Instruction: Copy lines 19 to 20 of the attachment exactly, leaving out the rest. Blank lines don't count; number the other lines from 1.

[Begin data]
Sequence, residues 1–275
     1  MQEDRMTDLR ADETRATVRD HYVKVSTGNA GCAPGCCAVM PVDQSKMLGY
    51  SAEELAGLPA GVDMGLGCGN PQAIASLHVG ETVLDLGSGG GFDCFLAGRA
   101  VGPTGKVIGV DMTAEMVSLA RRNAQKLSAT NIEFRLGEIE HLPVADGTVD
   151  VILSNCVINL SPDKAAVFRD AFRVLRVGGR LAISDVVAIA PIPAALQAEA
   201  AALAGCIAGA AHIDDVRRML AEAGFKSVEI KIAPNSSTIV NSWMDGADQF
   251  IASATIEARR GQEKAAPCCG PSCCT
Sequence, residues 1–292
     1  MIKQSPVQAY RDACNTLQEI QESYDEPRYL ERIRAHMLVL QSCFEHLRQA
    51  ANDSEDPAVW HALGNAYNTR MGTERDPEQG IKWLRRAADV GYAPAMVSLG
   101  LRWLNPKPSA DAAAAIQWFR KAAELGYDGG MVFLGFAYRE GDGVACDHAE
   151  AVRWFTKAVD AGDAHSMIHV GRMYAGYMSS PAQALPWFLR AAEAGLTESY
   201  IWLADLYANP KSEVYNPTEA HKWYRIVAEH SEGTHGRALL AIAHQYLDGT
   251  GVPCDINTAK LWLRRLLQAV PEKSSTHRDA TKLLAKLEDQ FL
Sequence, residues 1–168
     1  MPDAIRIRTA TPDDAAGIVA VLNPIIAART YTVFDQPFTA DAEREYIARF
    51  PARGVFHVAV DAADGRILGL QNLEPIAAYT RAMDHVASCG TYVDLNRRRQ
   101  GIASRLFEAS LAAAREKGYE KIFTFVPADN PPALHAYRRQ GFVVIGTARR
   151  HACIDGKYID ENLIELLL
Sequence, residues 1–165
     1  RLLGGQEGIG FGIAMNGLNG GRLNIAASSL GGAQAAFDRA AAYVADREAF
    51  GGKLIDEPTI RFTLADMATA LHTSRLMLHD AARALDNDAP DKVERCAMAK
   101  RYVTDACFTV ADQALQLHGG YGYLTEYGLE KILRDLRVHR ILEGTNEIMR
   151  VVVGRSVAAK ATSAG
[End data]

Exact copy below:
   151  HACIDGKYID ENLIELLL
Sequence, residues 1–165